Criminal prosecution of a woman who racially abused the ABC newsreader Jeremy Fernandez on a Sydney bus in February might also have been possible under the proposed changes.

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  • Puggg

    This sounds like back in grade school, all the tattle tales and teachers pets that would run to the teacher every time they got their little feelings hurt. “Teacher, teacher, Norman called me a bad name again.”

    My defense? The truth.

    • sbuffalonative

      AR posted a story about the falling levels of social trust. Political Correctness has taken a toll. People know enough not to say anything to anyone that might be construed as ‘racist’ lest they be pillared in the public square.

      The ‘progressive’ left considers “1984” to be an instruction manual.

      • John K

        The answer to 1984 is 1776.

    • dd121

      Unfortunately, with leftists, the truth is NOT a defense.

  • So CAL Snowman

    Being racially abused by Whites in a White homeland is a million times better than living as a non White in a non White homeland.

  • sbuffalonative

    The ‘progressive’ left KNOWS every white person is a closet racist so they’re surprised they can’t catch more.

  • Spartacus

    Refer this article to anyone claiming people like us are against “democracy” and “freedom”. Personally, I am, but I don’t fight against those two things, because they no longer exist…

  • Truthseeker

    The state can’t subjugate enough people through speech control? Make it more draconian!

  • NeanderthalDNA

    Thought police of the Democratic Totalitarians of the New Psuedo-Marxist Liblefty Order, baby! They can get in yer head and shut you the hell up, Whitey!

    Oooh! And pick yer pocket. Break yer leg?

  • gemjunior

    This is a pretty scary development.

  • bigone4u

    Some laws a man has a moral obligation to oppose and then break. These hate speech laws and holocaust denial laws are a violation of the basic human right of a man to believe what he wishes to believe and express his beliefs to others. I would be willing to do prison time by breaking the law in question and probably will be doing prison time for some truth telling I have in mind to publish in the near future. Better to save your soul than give in to the madness of political correctness and live your life as a mind slave of the globalists.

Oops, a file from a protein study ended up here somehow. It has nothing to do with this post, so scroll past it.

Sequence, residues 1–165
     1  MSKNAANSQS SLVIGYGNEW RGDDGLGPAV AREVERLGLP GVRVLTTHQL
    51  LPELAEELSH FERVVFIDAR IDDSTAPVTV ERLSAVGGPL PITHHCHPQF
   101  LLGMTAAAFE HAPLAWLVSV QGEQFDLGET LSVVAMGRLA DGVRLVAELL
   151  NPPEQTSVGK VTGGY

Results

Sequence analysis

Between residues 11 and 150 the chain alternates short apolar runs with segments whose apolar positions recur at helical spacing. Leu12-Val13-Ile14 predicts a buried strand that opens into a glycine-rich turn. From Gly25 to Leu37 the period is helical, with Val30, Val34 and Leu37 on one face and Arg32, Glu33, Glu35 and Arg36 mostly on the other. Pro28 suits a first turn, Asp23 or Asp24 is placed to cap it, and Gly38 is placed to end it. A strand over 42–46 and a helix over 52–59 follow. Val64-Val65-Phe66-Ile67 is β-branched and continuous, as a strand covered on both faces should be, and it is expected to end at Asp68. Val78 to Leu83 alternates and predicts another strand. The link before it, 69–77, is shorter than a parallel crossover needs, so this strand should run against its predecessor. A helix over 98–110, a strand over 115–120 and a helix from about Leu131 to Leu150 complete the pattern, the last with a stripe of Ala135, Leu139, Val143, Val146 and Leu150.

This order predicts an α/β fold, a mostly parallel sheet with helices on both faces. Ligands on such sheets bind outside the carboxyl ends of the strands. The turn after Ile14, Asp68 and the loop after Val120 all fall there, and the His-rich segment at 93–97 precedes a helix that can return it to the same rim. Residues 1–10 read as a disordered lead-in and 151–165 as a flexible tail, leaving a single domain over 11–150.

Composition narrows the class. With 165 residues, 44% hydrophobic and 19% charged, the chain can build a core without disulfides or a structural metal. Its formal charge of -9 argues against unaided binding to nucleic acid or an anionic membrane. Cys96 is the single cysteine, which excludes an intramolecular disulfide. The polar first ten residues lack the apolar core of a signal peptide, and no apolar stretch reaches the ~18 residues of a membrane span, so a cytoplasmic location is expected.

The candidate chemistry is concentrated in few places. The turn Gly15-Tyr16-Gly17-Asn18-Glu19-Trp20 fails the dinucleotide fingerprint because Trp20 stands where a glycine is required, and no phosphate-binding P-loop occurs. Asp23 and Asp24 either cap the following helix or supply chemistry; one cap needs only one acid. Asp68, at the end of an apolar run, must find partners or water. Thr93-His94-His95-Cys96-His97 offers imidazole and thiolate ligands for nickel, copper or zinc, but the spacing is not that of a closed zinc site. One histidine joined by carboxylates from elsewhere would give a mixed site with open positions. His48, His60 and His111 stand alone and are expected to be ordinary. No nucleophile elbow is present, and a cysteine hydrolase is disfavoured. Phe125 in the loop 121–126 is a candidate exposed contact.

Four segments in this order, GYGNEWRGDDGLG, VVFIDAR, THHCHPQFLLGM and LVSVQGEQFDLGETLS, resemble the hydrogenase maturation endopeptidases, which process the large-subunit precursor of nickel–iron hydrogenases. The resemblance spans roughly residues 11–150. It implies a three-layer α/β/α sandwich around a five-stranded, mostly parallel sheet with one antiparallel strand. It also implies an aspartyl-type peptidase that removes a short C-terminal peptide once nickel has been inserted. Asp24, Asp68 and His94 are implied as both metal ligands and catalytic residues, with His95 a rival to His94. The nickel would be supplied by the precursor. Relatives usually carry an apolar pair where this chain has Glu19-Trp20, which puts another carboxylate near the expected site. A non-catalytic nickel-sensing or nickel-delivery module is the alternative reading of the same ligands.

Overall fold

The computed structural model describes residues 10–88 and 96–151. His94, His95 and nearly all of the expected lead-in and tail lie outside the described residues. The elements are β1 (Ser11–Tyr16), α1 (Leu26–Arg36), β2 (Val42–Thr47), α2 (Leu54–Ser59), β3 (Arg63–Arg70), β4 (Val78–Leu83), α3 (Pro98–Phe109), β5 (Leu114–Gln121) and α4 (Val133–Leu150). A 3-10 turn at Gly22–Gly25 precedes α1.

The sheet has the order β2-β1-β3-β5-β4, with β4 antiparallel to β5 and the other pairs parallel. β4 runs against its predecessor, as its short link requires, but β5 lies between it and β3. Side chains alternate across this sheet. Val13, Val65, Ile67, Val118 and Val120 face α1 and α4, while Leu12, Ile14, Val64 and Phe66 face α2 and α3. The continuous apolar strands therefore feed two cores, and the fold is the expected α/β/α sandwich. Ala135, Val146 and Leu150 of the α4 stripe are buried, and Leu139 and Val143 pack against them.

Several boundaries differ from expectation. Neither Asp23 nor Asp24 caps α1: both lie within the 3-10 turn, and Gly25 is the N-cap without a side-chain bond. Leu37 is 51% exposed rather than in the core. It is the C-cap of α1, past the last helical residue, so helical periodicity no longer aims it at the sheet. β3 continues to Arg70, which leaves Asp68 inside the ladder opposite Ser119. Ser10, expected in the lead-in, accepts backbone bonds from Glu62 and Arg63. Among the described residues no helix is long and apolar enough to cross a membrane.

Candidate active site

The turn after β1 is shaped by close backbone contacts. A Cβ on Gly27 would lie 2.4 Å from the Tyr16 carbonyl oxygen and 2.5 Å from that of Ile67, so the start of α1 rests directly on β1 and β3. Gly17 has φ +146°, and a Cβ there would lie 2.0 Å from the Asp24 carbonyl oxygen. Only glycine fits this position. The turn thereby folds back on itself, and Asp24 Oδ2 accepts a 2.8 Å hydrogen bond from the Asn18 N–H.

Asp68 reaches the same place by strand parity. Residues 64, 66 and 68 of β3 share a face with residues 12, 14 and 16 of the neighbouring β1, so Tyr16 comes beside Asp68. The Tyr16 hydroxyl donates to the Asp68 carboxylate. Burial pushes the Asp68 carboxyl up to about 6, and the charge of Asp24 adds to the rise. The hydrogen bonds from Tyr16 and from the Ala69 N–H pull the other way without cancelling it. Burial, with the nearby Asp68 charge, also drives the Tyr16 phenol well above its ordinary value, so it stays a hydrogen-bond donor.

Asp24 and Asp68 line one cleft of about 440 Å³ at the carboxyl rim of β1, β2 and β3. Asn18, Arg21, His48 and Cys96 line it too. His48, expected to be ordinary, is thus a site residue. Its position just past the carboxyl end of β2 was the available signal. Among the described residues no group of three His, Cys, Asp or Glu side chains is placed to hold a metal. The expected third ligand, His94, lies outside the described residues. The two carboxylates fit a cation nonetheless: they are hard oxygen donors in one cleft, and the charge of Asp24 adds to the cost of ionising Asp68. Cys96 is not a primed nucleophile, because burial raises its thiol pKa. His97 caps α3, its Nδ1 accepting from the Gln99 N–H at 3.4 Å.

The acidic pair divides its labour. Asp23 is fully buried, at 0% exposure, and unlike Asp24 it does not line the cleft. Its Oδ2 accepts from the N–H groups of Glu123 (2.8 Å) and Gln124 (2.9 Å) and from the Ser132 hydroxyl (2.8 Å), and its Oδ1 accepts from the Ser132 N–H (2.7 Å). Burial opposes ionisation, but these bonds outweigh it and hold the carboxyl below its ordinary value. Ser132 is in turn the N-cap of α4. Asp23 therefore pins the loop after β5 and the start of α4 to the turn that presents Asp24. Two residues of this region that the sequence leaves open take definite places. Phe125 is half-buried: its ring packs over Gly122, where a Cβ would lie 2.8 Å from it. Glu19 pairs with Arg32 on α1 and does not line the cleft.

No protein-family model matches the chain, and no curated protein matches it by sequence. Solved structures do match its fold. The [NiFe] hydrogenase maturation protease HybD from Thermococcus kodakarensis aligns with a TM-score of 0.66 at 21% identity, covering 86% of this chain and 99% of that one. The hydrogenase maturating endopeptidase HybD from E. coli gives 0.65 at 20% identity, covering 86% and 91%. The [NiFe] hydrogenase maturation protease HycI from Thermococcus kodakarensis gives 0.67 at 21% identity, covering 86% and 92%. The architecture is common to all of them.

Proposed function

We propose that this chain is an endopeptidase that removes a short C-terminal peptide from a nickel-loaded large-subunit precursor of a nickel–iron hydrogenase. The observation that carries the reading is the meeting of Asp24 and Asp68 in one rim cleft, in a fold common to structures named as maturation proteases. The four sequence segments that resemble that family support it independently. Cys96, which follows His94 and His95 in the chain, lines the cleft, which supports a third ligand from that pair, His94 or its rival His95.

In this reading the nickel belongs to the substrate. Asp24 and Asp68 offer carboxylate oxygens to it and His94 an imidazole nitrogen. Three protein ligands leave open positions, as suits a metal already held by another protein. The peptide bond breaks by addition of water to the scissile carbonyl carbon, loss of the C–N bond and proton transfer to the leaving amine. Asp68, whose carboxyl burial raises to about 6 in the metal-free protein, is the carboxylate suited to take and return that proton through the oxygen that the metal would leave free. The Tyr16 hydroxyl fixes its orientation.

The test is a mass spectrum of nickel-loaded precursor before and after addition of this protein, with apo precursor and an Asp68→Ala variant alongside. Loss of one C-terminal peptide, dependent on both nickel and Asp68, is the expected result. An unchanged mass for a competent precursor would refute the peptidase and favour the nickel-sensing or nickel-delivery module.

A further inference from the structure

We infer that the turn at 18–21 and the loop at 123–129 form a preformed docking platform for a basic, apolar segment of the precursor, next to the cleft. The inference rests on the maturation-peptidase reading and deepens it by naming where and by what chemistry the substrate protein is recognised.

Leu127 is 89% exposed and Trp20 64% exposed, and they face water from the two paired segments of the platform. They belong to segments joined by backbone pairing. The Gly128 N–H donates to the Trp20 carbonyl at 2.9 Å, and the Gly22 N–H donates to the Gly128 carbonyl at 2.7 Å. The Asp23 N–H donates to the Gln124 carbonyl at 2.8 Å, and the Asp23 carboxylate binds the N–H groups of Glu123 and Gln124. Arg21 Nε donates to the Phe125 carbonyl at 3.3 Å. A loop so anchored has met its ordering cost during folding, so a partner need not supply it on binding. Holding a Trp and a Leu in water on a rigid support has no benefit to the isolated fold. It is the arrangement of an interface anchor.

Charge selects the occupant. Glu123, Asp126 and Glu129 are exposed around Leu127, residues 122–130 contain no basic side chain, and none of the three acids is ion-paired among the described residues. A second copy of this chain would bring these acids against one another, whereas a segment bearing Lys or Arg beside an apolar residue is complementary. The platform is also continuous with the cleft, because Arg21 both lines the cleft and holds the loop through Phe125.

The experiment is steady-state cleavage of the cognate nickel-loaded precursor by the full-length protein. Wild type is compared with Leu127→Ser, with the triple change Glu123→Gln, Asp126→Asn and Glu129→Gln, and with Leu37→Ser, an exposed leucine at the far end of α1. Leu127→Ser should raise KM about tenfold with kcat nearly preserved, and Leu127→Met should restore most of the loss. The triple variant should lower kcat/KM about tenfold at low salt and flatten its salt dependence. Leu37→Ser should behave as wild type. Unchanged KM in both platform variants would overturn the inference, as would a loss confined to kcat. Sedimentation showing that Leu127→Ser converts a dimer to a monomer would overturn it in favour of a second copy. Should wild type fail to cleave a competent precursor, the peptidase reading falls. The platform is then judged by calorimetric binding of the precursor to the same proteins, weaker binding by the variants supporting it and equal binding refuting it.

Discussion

• WR_the_realist

    It seems the “hate speech/hate crime” laws are the only sorts of laws where politicians are disappointed if nobody breaks them and so can be prosecuted under them.

  • JohnEngelman

    As soon as the knockout game spreads to New South Wales there will be plenty of hate to prosecute.

    Unfortunate, those who hate those who play the knockout game will be in the dock, not those who play the game.

  • Non Humans

    Honestly, what could they do? What you speak of is termed a Revolt. With Britons being disarmed, the real questions would be how effective, and for how long.
    In the US if such an event were to occur, it would hit like a tidal wave, and most likely would wash out all of the traitors currently steering this bus.

  • NeanderthalDNA

    This criminalization of thoughts – evidence the existence of which is speech – is what to me more than anything else…makes a mockery of what is commonly considered…”democracy”. “Liberty”.

    “Freedom” to associate but not dissociate…

    “Liberty” to think only approved thought…

    Words, words, words. Viva Assad, viva Putin, viva anyone who protects and fights for his people and tells the lily pure totalitarian “democrats” where they can shove it when push comes to shove…

    That’s how I feel about “democracy” which, no offense to our Slavic brethren, I’ll refer to as “Demokracy”, with the Slavic “k” thing to insinuate the creepy psuedo-Marxist element of the obnoxious Demiurge-like beast.

  • I loved Sydney in general and Randwick in particular when I lived there in 1997-1998.